Bob Jones engineering interns taste workplace tasks
MADISON – While still students at Bob Jones High School, teenagers in an engineering class have learned an advance lesson about working in a technical job in the 21st century.
Students in Jessye Gaine’s Engineering Internship: Research and Design class delivered their final presentations on Dec. 14 about their experience on the job with local engineering firms. The interns had actual tasks in the firm’s workflows during this glimpse for 12 weeks into the corporate world.
“We could not be more proud to share all they have accomplished,” Gaines said.
Engineering Internship: Research and Design is the final level of Bob Jones Engineering Academy. The unique class combines all skills and knowledge that students have learned in the Foundations and Specialization classes, Gaines said.
“To accommodate the virtual learning environment, the Engineering Internship class included professional training, soft skills development, mentorship with a local engineer and a self-guided, semester-long design project. Students are expected to interact virtually with teacher and mentors and build soft skills and resume experience,” Gaines said.
Engineering students and companies at which they interned are Kayla Lazaro, Nextek Inc.; Olyvia English, Nola VanPeursem Architects PC; Kristina Meade, KTECH; Patrick Nicholson, KTECH; Parx White, CFD Research Corporation; Hamza Gouda, STI Electronics Inc.; Mason Freeman, Additive Manufacturing & Engineering Inc.; Lilian Qu, Aviation and Missile Solutions; and Sydney Truesdail, JACOBS Space Exploration Group.
Sydney Truesdail acknowledged the help that she received during the internship with JACOBS Space Exploration Group and the Materials and Process branch. Truesdail’s primary mentor was Anna Kate Osborn with support from additional mentors Catherine Bell and Travis Palm, along with Team Lead Brent Hartsfield.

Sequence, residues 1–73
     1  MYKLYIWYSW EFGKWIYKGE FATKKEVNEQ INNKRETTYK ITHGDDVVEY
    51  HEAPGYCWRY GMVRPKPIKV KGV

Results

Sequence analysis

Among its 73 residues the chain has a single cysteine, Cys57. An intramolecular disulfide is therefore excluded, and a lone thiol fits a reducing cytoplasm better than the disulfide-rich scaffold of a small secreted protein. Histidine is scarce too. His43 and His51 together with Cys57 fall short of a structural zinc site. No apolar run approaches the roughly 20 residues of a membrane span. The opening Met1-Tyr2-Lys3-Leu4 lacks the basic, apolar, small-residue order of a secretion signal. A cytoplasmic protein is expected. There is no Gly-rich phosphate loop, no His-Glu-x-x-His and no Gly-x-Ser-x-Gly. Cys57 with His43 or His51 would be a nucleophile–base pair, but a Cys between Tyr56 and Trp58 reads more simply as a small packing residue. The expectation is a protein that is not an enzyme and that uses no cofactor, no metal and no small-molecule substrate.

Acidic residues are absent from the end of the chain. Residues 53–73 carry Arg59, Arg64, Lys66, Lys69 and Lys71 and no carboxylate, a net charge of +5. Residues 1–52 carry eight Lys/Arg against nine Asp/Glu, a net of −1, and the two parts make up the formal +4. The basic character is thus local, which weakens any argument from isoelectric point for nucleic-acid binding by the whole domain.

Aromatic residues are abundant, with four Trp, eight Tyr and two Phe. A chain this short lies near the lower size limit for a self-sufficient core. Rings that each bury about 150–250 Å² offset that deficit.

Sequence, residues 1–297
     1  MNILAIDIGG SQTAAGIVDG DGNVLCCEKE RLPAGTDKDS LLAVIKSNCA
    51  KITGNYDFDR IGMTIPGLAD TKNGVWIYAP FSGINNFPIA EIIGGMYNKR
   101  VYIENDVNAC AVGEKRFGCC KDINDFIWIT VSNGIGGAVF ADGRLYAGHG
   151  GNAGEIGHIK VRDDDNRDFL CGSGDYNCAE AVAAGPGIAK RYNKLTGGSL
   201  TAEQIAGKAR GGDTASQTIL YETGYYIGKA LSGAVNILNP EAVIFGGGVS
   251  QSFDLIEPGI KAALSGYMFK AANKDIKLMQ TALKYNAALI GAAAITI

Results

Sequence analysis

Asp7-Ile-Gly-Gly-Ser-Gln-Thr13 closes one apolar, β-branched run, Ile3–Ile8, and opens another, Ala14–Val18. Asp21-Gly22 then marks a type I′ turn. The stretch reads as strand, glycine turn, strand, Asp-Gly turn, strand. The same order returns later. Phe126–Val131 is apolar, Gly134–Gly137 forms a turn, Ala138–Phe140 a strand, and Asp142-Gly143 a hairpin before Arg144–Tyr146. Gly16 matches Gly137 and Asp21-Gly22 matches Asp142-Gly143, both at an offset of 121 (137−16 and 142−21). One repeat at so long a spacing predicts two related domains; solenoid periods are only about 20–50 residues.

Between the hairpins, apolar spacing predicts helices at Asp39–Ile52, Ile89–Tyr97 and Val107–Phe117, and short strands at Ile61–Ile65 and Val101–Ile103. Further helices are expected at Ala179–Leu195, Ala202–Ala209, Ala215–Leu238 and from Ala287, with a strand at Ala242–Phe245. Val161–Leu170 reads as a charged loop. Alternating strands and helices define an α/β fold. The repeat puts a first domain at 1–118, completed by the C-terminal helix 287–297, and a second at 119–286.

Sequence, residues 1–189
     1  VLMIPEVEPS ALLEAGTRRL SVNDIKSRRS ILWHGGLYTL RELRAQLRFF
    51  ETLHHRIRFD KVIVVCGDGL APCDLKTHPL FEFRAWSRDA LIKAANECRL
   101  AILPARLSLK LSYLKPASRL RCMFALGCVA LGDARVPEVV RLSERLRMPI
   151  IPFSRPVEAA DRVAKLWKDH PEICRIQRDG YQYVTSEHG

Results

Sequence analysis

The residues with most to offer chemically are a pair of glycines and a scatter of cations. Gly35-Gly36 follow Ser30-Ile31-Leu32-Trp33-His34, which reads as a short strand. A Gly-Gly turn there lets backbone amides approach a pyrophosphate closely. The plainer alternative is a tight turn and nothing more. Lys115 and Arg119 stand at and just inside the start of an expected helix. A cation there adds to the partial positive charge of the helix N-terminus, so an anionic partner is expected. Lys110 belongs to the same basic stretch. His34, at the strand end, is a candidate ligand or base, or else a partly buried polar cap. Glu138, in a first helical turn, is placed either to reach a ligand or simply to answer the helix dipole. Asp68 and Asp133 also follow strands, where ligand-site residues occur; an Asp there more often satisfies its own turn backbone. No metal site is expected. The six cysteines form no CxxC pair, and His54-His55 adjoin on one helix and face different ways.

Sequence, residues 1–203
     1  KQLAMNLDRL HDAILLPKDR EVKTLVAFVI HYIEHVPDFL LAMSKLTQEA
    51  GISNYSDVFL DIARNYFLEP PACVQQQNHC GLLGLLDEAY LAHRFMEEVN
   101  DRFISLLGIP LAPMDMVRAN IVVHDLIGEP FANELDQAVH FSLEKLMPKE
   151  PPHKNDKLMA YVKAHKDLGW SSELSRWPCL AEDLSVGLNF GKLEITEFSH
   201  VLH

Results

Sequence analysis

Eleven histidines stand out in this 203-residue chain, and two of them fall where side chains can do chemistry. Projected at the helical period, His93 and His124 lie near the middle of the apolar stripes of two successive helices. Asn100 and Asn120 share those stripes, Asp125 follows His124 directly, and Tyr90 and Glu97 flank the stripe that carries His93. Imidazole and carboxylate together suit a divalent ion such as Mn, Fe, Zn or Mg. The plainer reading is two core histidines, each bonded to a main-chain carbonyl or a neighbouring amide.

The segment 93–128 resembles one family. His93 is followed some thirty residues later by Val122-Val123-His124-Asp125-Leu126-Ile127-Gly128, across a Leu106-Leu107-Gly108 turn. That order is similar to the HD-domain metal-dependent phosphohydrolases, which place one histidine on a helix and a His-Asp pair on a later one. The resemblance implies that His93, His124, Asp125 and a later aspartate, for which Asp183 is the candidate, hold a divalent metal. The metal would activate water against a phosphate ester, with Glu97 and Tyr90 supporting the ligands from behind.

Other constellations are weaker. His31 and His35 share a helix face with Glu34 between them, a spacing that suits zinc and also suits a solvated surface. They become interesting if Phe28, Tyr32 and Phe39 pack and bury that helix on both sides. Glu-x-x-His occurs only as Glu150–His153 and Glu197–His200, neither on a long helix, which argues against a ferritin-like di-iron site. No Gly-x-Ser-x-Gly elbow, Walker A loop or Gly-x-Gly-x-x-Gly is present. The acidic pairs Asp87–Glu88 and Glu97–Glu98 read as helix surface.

After defining hazards and safety procedures in the lab, Truesdail performed a tensile test to determine the maximum amount of force on a material to its breaking point. This test reveals a material’s tensile strength and ductility.
In other work, Truesdail processed a fatigue test to find the number of cycles until failure; low- and high-cycle studies to find elasticity; and fracture test to determine toughness by observing crack growth.
During her experiments, Truesdail used scientific tools, including caliper, extensometers, strain gauge, load cell, microscope, torque transducer, calibration stands, gold standards (load) and dead weights, among other tools.
When asked about ‘Lessons Learned,’ Truesdail said, “Don’t be hesitant to try something new. Do your research. Make connections with other people. Ask questions.”
Truesdail plans to study engineering at the University of Alabama in Huntsville or pharmacy at the University of Mississippi. Truesdail founded a small business, Truesdail’s Tiny Treasures, for crocheting enthusiasts. At Bob Jones, she plays oboe in Bob Jones Wind Ensemble and tenor saxophone in the Patriot Marching Band. A member of varsity track and field team, she competes in pole vault.